The Process Model of Gameplay to Understand Digital Gaming Outcomes

The Process Model of Gameplay to Understand Digital Gaming Outcomes

Copyright: © 2018 |Pages: 10
DOI: 10.4018/978-1-5225-2255-3.ch289
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Digital games have been the focus of psychological research for a number of decades, yet there remains substantial concern and debate about the potentially harmful effects of violent digital games on children and young people (DeLisi, Vaughn, Gentile, Anderson & Shook, 2013). These concerns primarily relate to the amount of violent content in particular types of digital games, given that evidence has suggested exposure to violent content in games is related to increases in aggressive attitudes and behaviour (Anderson et al., 2010), and reduced sensitivity to real life violence (Bartholow, Bushman, & Sestir, 2006).

While some researchers claim that there is conclusive evidence of a link between violent game exposure and aggressive cognition, affect and behaviour (Anderson et al., 2010), others have criticised the theoretical and methodological basis of such claims (Adachi & Willoughby, 2011a; Elson & Ferguson, 2014; Ferguson, 2007). This suggests a need to reconsider the way in which outcomes of (violent) gaming are studied. This is the key focus of the current chapter. This includes a critical consideration of the socio-cognitive models which are typically used within this area, and questions the extent to which they can effectively represent the range of potential outcomes of playing digital games. Following this, other key factors are reviewed, and presented as a reason to reconsider the theoretical underpinnings of this research field. Here, a Process Model of Gameplay is presented as a solution to further understand these issues. Specifically, this model aims to provide a framework through which to understand a variety of factors and the diversity of gaming experiences, and their combined role on gaming outcomes. In a practical sense, this can inform future psychological research to adopt a more holistic approach when measuring digital gaming outcomes, particularly in controlling for the extent of factors which are influential in this regard.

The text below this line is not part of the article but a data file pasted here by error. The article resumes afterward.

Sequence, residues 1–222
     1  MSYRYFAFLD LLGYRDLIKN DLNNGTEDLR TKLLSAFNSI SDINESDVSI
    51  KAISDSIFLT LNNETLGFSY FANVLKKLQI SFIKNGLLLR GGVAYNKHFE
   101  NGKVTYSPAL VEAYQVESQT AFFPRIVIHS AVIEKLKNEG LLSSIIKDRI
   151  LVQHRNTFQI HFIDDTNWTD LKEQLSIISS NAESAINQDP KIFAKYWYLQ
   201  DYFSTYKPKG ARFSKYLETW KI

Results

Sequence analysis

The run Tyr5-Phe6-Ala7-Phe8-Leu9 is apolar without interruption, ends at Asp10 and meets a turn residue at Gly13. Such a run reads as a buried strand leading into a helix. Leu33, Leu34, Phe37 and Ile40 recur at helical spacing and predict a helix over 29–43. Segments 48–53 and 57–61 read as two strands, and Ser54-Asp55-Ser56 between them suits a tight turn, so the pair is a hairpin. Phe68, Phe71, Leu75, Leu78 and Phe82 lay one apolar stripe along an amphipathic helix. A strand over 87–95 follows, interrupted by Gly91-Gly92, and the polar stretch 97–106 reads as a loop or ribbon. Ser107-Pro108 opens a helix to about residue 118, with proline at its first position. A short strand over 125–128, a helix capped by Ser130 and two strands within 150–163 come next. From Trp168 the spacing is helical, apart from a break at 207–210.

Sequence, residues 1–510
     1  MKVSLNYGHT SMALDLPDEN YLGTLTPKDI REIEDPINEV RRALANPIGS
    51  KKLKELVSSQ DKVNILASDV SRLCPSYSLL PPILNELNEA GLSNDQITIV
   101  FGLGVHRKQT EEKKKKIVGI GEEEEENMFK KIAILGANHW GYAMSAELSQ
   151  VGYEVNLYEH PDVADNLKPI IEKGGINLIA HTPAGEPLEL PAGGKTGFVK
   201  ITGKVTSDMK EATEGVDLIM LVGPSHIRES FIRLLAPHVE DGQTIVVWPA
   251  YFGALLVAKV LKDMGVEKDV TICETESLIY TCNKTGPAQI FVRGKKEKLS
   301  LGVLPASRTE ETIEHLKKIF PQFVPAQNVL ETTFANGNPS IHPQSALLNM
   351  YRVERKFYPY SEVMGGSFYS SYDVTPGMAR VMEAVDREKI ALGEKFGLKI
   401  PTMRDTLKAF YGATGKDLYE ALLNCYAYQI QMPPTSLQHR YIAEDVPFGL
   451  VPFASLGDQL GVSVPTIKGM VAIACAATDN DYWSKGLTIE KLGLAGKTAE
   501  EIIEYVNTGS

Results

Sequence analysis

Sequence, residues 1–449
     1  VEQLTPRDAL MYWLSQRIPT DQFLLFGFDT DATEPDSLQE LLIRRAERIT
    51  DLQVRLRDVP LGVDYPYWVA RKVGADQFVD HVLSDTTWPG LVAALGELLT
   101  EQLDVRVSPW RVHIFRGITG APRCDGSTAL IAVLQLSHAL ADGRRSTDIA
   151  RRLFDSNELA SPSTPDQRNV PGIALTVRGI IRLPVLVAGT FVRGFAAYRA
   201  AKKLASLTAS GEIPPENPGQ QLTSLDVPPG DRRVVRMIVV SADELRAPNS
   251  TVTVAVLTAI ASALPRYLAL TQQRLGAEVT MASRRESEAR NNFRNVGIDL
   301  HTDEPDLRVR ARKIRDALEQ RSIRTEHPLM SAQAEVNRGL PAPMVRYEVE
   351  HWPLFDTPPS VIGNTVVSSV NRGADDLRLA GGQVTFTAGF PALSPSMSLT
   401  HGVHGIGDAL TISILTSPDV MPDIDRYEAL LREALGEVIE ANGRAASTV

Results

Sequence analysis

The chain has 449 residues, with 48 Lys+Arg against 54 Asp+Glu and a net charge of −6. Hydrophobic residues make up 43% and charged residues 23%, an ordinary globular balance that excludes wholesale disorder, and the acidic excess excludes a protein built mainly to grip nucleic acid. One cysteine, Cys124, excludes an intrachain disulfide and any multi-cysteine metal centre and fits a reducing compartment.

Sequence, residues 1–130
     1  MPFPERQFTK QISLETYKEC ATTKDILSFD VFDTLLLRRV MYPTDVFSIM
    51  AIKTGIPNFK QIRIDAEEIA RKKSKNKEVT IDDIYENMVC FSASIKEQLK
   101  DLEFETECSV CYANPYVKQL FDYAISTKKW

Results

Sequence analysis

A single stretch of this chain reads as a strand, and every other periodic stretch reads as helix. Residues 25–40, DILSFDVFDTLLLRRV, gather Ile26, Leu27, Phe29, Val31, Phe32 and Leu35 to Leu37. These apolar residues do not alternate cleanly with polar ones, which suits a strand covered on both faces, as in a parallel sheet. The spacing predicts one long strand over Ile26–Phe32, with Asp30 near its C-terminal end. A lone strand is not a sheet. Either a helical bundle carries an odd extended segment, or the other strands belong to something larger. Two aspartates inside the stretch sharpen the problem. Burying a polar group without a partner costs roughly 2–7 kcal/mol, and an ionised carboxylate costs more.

Key Terms in this Chapter

Intrinsic Motivation: Undertaking a task or activity for an internal or inherent sense of reward rather than an external reward (e.g., money).

Genetic Predisposition: The extent to which an individual is biologically determined to think or behave in a certain way.

Social Identity: The extent to which an individual defines themselves by their affiliation to a social group (e.g., gamer).

Emotional Regulation: One’s ability to utilise emotional stability.

Digital Games: Used here as a generic term to include all electronic games which can be played in arcades, on game consoles, hand-held consoles, PCs, and over the Internet.

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